I. Introduction, Definition
In our tech-savvy society, cyber-bullying has become a rampant problem. Bullies not only push and shove on the playground; now they also insult and harass on the internet, hiding safely behind a mask of anonymity.
Cyber-bullying is the repeated harassment of a person through an electronic medium, such as e-mail, text messaging, or social networking sites (Facebook, Myspace, Twitter, etc.). It is most prevalent among children and teenagers who have access to these modes of communication at increasingly younger ages. According to the National Crime Prevention Council, 43% of teenagers report that they have been victims of cyber-bullying.
Cyber-bullying is often much more severe than traditional bullying because it allows the bully to hide behind an electronic façade. This permits the cyber-bully to be much harsher than he/she would be in person. The intensity of this harassment can have terrible psychological effects on victims.
II. Types, Examples
There are varying types of cyber-bullying. The first, and most common, is when a person is harassed by a cyber-bully via inappropriate or degrading texts, e-mails, or other electronic messages. Another type occurs when a cyber-bully hijacks a person’s identity (i.e. their Facebook or Myspace profile) and defames their character by acting inappropriately in the social media sphere. All forms of cyber-bullying are dangerous and detrimental to a person’s emotional well-being.
In a recent investigation, the New York Times highlighted several examples of cyber-bullying among teenagers. One in particular dealt with a ninth grade student whose Facebook profile was hijacked and subsequently used to lambaste other students. As a consequence, the student was completely ostracized by his fellow classmates to the point of depression. Following a police investigation, it was discovered that the cyber-bullies behind the incident were friends of the victim.
Another instance involved a teenage boy who stole a fellow female classmate’s phone and sent hateful text messages to her friends. After sending the messages, he deleted them from her phone so she had no idea the incident had even taken place.
III. Laws, Statutes
Since it is a relatively new crime, lawmakers are still struggling to pass effective legislation that prohibits cyber-bullying. Only a handful of states have passed laws that deal directly with cyber-bullying. Most states simply categorize it under existing harassment laws. Minnesota law states that “Each school board shall adopt a written policy prohibiting intimidation and bullying of any student. The policy shall address intimidation and bullying in all forms, including, but not limited to, electronic forms and forms involving Internet use” (revisor.mn.gov).
This statute is well-intentioned but less than effective. Less than half of Minneapolis Public Schools currently have a policy on cyber-bullying. Schools also refuse to get involved in incidents that occur after school hours, which is when most kids are online. Even when an incident is investigated, it is nearly impossible for school administrators and police to keep track of a student’s online activities because of the anonymity the internet provides.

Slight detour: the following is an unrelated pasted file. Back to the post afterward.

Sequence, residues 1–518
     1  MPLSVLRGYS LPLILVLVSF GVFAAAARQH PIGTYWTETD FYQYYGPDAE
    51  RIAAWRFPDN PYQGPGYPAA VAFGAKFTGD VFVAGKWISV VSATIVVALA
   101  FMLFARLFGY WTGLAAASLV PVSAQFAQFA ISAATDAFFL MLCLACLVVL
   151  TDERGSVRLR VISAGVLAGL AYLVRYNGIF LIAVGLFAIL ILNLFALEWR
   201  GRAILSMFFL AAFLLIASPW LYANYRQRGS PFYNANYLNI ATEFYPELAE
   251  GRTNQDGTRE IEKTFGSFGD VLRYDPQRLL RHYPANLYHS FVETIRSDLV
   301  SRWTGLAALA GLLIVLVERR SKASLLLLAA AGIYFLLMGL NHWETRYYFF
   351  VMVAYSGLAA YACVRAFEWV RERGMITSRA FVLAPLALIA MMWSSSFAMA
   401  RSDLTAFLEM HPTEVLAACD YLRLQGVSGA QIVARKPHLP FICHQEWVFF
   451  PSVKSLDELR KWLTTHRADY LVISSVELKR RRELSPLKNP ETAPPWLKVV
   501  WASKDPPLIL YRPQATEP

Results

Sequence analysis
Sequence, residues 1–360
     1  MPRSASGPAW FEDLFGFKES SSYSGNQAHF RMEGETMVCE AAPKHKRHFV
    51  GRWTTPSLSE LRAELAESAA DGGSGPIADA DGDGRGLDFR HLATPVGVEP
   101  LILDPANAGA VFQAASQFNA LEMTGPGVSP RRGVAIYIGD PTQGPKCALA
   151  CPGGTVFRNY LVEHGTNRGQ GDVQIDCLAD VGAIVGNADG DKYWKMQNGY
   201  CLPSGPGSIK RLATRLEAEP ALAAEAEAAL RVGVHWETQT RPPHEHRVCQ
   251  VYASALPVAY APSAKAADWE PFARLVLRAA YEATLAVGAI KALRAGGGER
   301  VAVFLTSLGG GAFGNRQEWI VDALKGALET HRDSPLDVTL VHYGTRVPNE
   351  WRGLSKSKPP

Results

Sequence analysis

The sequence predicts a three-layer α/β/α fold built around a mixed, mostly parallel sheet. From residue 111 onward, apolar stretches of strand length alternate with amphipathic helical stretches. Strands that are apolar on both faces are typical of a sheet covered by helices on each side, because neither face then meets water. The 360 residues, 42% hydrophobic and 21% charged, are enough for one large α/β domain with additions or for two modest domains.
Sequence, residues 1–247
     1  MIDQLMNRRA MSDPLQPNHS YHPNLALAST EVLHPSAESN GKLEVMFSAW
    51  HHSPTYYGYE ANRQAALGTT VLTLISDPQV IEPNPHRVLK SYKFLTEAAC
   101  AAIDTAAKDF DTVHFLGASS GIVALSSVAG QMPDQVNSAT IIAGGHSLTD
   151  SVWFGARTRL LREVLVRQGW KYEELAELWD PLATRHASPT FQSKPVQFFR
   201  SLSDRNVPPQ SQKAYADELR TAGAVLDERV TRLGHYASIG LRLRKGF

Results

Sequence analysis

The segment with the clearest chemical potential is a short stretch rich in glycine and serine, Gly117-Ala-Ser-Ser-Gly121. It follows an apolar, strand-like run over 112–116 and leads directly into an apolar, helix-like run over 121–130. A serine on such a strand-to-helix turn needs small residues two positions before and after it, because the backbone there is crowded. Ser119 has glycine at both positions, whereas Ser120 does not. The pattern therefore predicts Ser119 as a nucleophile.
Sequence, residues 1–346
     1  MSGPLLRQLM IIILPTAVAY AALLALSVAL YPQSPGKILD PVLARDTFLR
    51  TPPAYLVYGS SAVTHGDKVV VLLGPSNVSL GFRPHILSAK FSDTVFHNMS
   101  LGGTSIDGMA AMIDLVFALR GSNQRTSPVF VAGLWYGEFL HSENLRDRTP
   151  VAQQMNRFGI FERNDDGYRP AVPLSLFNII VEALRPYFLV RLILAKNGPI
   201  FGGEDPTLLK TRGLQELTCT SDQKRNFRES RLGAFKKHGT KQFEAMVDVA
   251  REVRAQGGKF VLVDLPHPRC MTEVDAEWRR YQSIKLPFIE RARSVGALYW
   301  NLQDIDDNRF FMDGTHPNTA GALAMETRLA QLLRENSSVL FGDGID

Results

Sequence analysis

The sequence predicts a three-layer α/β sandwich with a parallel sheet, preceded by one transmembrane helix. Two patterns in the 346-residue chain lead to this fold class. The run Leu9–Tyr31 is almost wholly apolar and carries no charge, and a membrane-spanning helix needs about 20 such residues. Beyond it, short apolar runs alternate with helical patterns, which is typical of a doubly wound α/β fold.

IV. Advice for Parents and Victims
Cyber-bullying is extremely dangerous. It can lead to depression and even suicide. It is important that children who are cyber-bullied tell someone they can trust, such as a parent, teacher, or even the authorities depending on the severity of the harassment. Victims should also preserve and document all accounts of bullying. This means saving texts and emails so they can be used as evidence if need be.
It is also important that parents educate themselves on the dangers of cyber-bullying, and that they teach their children how to safely use the internet. The most important thing in all instances of cyber-bullying is absolute transparency so that children understand the harmful effects of cyber-bullying.
When your child is a victim of cyber-bullying, it is difficult to decide what course of action to take. Do you contact the school, the authorities, or even the bully’s parents? Obviously if physical threats or sexually explicit materials are involved, contacting the police immediately is the best course of action. But in more subtle cases, experts cannot agree wholeheartedly. Some say handling the situation privately between parents is best. This largely depends on the mindset of each parent, however. Sometimes parent-to-parent “resolution” can make things even worse for a child, inducing such jibes as “mamma’s boy” from classmates.
Perhaps an even more difficult question is what to do if your child is the bully? First and foremost, it is important to make sure that your child understands the problem and the consequences of cyber-bullying. Firm consequences in response to cyber-bullying also tell a child that such behavior is unacceptable.
If you or someone you know has been a victim of cyber-bullying, visit this site for a compilation of resources: cyberbullying.us/resources.php